Later that evening, we went about experiencing Hanoi in full swing. “You buy from me” rang out in a constant cry from each street vendor; selling everything from bananas and pineapples, to t-shirts and even zippo lighters. Here we learnt how to cross busy streets without being skewered by the multitude of motorbikes, travelling in every direction, on both sides of the street and the pavement. An old women carrying two heavy baskets, balanced on either end of a yoke, provided the lesson. Even though her back was bent from the weight, she seemed to negotiate this madness, as if she were out for a leisurely evening’s stroll. So we closed our eyes and very slowly wandered out into the traffic. Amazing! Rather than die horribly, the traffic magically maneuvered around us.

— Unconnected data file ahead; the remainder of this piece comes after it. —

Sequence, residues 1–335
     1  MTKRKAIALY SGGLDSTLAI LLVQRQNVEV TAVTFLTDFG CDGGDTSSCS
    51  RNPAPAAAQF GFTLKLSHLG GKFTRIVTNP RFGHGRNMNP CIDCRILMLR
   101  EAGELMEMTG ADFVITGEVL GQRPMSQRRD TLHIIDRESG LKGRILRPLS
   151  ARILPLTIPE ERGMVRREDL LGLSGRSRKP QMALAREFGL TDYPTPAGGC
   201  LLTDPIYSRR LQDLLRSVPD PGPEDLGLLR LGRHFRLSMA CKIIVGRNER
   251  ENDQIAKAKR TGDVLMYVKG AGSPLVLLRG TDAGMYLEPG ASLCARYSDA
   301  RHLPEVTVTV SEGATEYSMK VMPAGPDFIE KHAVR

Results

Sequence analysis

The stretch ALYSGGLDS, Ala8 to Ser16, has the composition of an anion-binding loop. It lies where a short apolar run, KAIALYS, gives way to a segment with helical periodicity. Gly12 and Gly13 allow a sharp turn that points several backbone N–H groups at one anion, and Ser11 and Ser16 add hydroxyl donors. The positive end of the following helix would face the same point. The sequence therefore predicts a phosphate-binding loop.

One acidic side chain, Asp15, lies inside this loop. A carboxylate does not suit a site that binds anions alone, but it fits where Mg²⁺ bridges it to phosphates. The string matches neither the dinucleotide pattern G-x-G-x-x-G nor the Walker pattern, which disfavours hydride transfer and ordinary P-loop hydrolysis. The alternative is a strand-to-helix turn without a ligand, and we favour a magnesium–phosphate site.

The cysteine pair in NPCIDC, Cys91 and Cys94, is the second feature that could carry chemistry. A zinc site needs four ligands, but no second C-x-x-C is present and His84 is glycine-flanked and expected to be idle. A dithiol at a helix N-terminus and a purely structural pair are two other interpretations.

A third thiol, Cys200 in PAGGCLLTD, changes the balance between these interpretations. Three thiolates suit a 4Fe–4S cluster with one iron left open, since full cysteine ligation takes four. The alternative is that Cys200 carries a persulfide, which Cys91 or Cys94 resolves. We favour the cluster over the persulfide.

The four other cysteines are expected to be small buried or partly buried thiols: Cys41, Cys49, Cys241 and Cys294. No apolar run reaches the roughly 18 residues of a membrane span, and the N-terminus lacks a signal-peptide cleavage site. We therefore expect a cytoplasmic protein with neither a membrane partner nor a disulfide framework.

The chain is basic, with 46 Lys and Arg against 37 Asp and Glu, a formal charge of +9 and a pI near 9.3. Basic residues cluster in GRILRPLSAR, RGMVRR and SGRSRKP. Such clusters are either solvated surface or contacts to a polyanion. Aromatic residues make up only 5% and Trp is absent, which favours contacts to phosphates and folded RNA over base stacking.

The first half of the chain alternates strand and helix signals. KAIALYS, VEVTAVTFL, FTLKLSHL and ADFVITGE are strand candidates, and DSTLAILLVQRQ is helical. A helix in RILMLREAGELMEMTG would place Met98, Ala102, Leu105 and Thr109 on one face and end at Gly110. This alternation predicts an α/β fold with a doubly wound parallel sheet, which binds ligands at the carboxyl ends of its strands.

After a lot of hinting, I became acutely aware of the next day’s major event; our second Wedding Anniversary, so we asked the staff where we could find a really great place for dinner. That evening we dined in a lovely Italian restaurant, but later, when we arrived back at the hotel, we thought that someone had broken into our room. Then we noticed the items on the desk. The staff had, of their own accord, organised a very decadent looking cake and a single long-stemmed red rose for our anniversary. To say how marvellous they made us feel, is quite the understatement.

Fisherman in Boat

Fisherman in Boat

The next morning we walked out to West Lake for a look at the Pagoda and strolled the streets outside of the Old Quarter, spotting a posh looking French restaurant along the way. We decided to come back there for dinner later on. It didn’t disappoint. We picked out the most impoverished looking Cyclo driver from a loud competing bunch, who rode us very slowly through the traffic, towards our destination. It might well have been romantic, except that our very elderly rider tired visibly, as we proceeded, so we ended up paying him for the entire journey and walking most of the way. Eventually we dined on tempura crab, roast duck, salt & pepper squid and beef with lemon grass.